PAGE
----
Learning computers can be a very exciting experience for seniors and technology novices.
However, the process can also be a little bit intimidating. Telikin, has had
thousands of conversations with seniors first learning how to use the computer and the internet and they offer this tips to help your parents, grandparents, or senior friend get started on the computer.
1) Provide Encouragement
Many seniors and first time users doubt their ability to learn how to use a computer, so it is
essential when you introduce technology to let them know that they are capable of learning!
Ordinary people, just like them, successfully learn to use computers all the time. Allay their fears
and concerns by providing reassurance that they are just starting out, and like all beginners, will
eventually master the basics and move onto more advanced concepts.
2) Start with the Basics
This is especially true for those who have never even touched a computer before. It may
be necessary to explain the parts of the computer – What is a mouse? How do the screen/
touchscreen, keyboard, and mouse work together? What are the icons or buttons on the screen,
and what are their functions and meanings? It is crucial not to dive right in, but to start with a
basic outline of the foundation and most common features.
3) Move in Incremental Steps
Overwhelming the new user with too many instructions and features at once will only
discourage them. Start with the basics, and once they seem to have a grasp on those, move on
to one application at a time. A computer game, such as solitaire, can be a great ice-breaker for
beginners because it is familiar, fun, and provides immediate feedback about performance.
Email is another good starting point because it can be easily related to traditional mail. Once
the user starts reading and sending emails to their family and friends, they will be motivated to
build on their success and learn additional skills.
4) Repeat, Repeat, Repeat
As with learning any new concept, repetition is important. It is likely that the user will need to
be shown a task several times before being able to accomplish it independently. Demonstrate a
given task multiple times by slowly going through the steps, stopping to answer any questions.
Encourage them to continue practicing the task independently. Be sure to emphasize the
incremental and repetitive nature of learning. Compare learning computer skills to learning
other tasks that are unlikely to be mastered in one session, such as driving a car.
5) Find Out Their Motivation For Learning Computers
You should not assume you know what the user would like to do on the computer. Instead of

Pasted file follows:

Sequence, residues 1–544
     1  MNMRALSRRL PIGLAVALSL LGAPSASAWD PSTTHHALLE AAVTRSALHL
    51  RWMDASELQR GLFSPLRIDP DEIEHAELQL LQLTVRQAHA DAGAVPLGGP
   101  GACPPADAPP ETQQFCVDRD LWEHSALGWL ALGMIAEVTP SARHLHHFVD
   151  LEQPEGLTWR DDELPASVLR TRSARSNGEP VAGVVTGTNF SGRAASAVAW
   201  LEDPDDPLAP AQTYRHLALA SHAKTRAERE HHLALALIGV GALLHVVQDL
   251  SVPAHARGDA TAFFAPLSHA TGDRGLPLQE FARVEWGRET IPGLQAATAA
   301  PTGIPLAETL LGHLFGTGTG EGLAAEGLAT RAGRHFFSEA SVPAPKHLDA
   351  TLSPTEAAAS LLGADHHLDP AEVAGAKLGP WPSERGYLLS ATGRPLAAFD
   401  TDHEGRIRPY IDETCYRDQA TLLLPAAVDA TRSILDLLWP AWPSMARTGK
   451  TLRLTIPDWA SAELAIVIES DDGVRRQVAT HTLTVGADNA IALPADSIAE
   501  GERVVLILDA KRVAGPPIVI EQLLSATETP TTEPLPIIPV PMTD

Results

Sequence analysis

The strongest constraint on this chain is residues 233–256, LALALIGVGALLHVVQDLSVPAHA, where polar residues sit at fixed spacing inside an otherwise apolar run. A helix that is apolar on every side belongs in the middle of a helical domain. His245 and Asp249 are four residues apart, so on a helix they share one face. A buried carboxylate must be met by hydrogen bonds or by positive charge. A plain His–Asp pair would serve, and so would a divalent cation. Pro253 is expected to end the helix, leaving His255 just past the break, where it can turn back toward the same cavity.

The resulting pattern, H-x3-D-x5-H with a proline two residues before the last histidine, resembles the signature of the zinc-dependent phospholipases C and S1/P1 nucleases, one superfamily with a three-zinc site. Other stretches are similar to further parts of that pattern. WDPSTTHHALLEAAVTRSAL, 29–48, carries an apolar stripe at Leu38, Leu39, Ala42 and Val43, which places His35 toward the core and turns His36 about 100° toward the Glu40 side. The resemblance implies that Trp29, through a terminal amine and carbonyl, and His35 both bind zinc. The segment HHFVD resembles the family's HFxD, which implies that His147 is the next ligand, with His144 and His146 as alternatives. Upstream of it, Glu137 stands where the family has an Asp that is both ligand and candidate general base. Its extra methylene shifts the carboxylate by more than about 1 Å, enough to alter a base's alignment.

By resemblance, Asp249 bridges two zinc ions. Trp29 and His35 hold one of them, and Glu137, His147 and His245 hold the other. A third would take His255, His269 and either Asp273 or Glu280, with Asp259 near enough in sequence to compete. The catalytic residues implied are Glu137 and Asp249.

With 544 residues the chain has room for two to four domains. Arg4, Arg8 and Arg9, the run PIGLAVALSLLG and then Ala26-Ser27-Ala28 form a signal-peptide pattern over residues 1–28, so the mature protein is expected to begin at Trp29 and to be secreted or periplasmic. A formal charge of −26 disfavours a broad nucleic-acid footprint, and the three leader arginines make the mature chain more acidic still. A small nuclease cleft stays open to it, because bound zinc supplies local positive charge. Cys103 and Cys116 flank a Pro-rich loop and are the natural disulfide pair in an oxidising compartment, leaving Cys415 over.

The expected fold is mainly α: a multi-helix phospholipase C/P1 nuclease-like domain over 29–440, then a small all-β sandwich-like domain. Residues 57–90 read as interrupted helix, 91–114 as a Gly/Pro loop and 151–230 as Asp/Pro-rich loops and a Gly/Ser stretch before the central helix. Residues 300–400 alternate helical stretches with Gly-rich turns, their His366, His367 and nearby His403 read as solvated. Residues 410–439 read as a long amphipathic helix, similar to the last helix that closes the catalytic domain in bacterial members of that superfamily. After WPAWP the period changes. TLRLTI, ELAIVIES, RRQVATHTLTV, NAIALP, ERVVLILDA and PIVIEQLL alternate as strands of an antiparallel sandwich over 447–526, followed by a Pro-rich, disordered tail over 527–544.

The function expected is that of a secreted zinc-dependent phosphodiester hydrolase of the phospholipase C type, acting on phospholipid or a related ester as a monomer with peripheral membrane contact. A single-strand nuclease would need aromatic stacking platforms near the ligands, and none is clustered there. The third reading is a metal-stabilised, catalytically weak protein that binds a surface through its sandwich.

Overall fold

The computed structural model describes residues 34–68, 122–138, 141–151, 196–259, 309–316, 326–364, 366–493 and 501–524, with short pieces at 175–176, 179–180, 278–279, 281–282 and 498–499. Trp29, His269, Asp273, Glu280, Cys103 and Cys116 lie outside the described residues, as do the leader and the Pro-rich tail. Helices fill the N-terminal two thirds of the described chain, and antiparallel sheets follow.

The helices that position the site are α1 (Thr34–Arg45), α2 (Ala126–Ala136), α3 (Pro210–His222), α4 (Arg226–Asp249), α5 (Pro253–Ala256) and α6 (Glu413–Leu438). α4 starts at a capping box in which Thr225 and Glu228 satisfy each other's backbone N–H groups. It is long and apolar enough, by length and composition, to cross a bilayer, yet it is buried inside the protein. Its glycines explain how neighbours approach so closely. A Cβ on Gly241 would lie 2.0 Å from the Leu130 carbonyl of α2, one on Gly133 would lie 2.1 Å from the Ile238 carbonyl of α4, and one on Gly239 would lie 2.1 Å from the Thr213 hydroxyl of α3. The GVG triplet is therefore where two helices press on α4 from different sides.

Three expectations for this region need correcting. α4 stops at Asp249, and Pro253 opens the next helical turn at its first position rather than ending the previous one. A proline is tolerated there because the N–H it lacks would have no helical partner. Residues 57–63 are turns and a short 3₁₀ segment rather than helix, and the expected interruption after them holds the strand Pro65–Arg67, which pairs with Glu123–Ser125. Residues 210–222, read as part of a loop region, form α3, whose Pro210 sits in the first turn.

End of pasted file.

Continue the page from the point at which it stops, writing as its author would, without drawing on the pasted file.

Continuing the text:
asking them which application they’d like to learn, ask them what they would like to accomplish.
For example, they will probably not say, “I want to learn how to use the web browser,” but they
might say, “I want to read about my antiques collection.” You can then explain how the web
browser can be used to research antiques. If they wish to communicate with family or friends,
then you will know to start teaching email and video chat first.
6) Explain the Benefits of a Computer
This tip goes hand in hand with the previous one. Many seniors say, “Why would I want to learn
to email or use the internet?” If you provide tangible examples of what a computer can
do for them, they will be more motivated to learn how to use it. Explaining how they can see
pictures of their grandchildren or how they can look up health information with a computer will
allow them to consider what they are missing by not using one.
7) Describe Tasks, Concepts, and Features in a Relatable Manner
Because beginners have limited computer experience, certain concepts may be difficult for them
to conceptualize. For instance, the idea of websites may be a little confusing. Explain how a
website is like a book – it has a cover (home page), a table of contents (side navigation buttons),
and many pages within it (each different screen within a site).
8) Be Patient
This tip rings true for anyone teaching any kind of new skill. Remember that your attitude
will affect the user’s attitude about the computer. Provide plenty of practice opportunities for
them and understand that there are individual differences in learning. Seek feedback from the
senior about what they find both challenging and rewarding about computer use, and tailor
your instruction to their responses. Use more preferred computer activities to reinforce those
that are less preferred; for example, if games are a preferred activity, when teaching internet
searches, have the learner search the web for games.
9) Provide Support
No one wants to be left with a machine that they cannot use and simply collects dust. Assure
your parents that you (or another teacher) will be there to help them learn how to use the new
device. This will allow them to be more open to trying things on their own, because they know
their helper can address questions as they arise. New skills might be taught in a one on one
session either in person or remotely. Remote access allows the teacher to “drive” the learner’s
computer and provide “how to” information.
10) Use Encouragement
This point is so important when helping first time computer users that it needs to be repeated.
Your enthusiasm about and dedication to helping them will not only make the process easier for
you, but it will also relax and encourage the senior. Encourage the new learner by exchanging
emails with them, having them video chat with family members, sharing new photos, and
bookmarking their favorite sites. As they enjoy their new ways of connecting and exploring the world, they will gain confidence to learn additional skills.